#480830 - 12/05/0903:09 AMRe: Car accident
Definitely take the high road in this case and go through the insurance company. We're still dealing with the repercussions of the bus hitting my son's front fender (well, it's actually my husband's car that we are letting our son drive, so it's insured and registered in my husband's name) while my son was stopped at a stop sign on campus. The insurance adjuster inspected the car while my son was in class and the car was locked up. He didn't catch the fact that the driver's side door makes an awful sound when it's opened since the accident. Once we get it into the body shop, there may be a heck of a lot more damage than what the insurance adjuster allowed for if the door isn't even opening and closing right.
The insurance adjuster said it was $1,500 in damages, but that was just for the damage to the headlight, grill, and fender. The door will add quite a bit more to that total.
Funny story. My son said that he got out of his car after the bus crushed it and went up to the bus driver's window. The bus driver, who was another college student, looked at him. My son said, "You just F@#$!d up my car!" The bus driver said, "I know. It was my fault." My son said, "Are you gonna get fired from your job?" The driver said, "No. Another driver did something like this last week and he didn't lose his job."
Kate, that is interesting. Here in Massachusetts we have to carry insurance to cover uninsured accidents that are caused by people who don't have insurance. So it varies from state to state. Not sure if it's still true, but there was a time when Rhode Island drivers didn't have to carry insurance at all, so since Rhode Island is so close to us, it was good to have that insurance that covered uninsured motor vehicles.
Cars are such a huge investment that it really hurts if you get nailed and don't have insurance to cover the expenses. I'm remembering the time when we hit and killed an 11 point buck with our only car and we didn't have collision insurance on it. The headlights were broken and we couldn't drive after dark until we got it fixed. The Deer Killer is what the guys at the lumberyard my husband works at called it... Couldn't kill that Chevy. Drove it to the junkyard when no one would take it as a trade in, but it was still running strong even though it was over 20 years old.
The guy does have insurance. But when I told my agent the name of the company he sighed and said "Oh no." Junk insurance company, apparently. He showed up at my house tonight, around 10:30. He says he talked to his insurance people and they say that if my insurance company is willing to do it, he can pay for the repair directly, not working through his insurance company. That sounds fishy to me. His reason is that he might lose his license, and can't afford to have that happen. I told him I'd spoken to my agent already, and I'd let the insurance people talk to each other and figure out what will happen in the way of payment. Meanwhile, I'll get my car fixed. I honestly don't think there's anything wrong structurally, but I'll take it to my garage and have them take a look to see what they can see. I trust these folks with my life.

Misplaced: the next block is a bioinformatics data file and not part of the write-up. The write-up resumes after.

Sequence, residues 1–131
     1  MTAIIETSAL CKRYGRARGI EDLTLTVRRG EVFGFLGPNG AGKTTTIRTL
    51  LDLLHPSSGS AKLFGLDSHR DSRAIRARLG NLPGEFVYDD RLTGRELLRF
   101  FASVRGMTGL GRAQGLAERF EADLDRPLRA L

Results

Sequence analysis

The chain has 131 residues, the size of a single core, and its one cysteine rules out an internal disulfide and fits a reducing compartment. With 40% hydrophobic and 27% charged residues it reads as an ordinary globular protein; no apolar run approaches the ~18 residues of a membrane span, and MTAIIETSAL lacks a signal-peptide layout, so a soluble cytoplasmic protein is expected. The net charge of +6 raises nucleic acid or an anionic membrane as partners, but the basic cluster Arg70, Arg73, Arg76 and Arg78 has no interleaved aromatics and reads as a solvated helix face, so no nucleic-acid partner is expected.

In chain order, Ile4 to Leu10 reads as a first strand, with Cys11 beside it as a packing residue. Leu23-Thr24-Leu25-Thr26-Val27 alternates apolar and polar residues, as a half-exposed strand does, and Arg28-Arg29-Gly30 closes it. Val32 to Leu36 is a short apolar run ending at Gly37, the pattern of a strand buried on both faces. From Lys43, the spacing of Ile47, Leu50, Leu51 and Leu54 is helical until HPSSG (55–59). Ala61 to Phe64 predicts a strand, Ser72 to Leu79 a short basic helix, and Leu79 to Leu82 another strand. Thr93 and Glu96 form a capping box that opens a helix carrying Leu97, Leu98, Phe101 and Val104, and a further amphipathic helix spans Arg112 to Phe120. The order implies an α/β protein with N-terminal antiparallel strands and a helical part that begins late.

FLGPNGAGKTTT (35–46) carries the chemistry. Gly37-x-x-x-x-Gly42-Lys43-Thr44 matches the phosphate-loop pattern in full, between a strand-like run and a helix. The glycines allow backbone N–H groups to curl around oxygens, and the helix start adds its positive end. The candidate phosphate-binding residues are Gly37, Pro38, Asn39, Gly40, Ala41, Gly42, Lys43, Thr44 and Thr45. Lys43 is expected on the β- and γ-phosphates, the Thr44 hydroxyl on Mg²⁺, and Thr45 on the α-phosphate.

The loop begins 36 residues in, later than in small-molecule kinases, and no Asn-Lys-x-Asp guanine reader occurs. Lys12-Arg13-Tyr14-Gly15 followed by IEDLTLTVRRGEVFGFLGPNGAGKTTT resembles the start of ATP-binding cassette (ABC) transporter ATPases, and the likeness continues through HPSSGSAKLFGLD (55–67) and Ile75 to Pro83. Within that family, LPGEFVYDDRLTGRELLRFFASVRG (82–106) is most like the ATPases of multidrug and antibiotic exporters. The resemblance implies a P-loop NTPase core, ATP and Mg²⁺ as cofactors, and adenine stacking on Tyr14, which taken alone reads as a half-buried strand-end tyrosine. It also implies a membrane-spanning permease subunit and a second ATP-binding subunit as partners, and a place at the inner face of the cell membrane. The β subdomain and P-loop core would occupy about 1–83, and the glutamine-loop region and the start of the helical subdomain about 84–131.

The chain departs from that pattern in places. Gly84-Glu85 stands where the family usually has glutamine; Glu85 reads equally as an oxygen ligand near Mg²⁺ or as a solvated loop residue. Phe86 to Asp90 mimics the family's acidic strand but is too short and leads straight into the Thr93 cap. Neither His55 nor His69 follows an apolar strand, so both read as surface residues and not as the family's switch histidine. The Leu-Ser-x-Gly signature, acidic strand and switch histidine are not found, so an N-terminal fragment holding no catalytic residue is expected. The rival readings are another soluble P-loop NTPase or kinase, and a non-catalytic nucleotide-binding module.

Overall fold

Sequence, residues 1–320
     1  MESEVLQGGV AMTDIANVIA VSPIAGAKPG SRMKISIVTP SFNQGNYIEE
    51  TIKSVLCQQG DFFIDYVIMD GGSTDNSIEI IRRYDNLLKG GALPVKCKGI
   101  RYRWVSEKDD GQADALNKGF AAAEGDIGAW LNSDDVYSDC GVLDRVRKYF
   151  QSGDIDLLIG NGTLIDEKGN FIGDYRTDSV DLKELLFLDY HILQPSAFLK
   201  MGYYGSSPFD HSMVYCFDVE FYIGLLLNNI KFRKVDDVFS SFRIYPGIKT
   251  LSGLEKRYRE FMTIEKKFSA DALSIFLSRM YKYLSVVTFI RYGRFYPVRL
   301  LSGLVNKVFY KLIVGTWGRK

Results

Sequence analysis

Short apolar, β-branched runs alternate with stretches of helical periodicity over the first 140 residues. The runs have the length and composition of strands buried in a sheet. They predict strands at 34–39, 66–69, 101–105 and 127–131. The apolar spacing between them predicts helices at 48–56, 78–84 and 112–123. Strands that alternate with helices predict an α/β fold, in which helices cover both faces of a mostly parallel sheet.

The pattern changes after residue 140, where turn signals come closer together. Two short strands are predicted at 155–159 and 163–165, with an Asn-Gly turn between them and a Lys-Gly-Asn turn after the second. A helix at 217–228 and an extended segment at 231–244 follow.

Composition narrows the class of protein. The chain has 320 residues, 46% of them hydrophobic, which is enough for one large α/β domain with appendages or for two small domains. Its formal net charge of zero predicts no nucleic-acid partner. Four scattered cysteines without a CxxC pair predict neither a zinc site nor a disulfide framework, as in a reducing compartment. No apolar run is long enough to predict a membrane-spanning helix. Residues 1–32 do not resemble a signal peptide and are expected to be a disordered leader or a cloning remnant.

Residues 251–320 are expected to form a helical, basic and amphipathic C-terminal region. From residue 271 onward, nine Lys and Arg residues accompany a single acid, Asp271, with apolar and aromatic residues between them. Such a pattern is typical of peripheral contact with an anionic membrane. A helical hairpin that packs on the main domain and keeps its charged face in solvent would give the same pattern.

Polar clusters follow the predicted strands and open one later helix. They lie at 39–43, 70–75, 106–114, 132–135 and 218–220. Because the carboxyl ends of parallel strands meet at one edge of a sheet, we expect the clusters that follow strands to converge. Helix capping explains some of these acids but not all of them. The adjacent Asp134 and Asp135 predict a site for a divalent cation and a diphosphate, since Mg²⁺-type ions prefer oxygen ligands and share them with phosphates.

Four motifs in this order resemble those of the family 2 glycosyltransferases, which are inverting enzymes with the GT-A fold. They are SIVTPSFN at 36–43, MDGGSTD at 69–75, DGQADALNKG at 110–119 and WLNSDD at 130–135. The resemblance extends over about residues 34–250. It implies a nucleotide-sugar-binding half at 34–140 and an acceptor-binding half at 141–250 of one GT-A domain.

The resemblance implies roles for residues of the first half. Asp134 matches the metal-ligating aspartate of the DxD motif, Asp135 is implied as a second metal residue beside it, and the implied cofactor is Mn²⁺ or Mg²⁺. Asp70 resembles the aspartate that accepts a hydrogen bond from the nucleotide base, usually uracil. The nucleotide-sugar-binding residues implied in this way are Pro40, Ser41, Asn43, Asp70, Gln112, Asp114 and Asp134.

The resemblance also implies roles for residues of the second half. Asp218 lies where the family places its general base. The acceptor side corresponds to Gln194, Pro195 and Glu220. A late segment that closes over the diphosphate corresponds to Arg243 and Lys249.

_________________________ MACTECHubi dolor ibi digitus
Word of advice: if your insurance adjuster indicates "after-market" parts to be used in the repair of your car ... say no. Insist on having original manufacturer parts (not a knock-off). I learned the hard way recently on repair work to my Audi. The insurance called for "after-market" fender and headlamp after my A4 got hit recently ... a week later after it had been in the shop the car looked good at first, but then on closer inspection it was pretty obvious that the parts didn't fit just right. It's those precise gaps between hood and fender and bumper that were no longer so precise. The headlight beams didn't match. So I complained, the adjuster came out and inspected, and the car went back to the shop for another 4 days.
The cost difference to the insurance company between original and after-market parts was about $150. But now the insurance company pays for that choice because of two repairs and double the parts, two paint jobs, and twice the car rental, several thousand more than if they just didn't try to cut corners in the beginning.
Kate, I live in a "no fault" state which has the toughest auto insurance policies in the country - NJ We also have the highest premiums in the country. The average auto premium is $2500 for ONE car.
If the other person is uninsured or even under insured, I am covered by my insurance. They pay 100% of my damages & then go after the other party for the monies they paid out to me-Subrogation. I just sit back with a chessy cat smile on my face.
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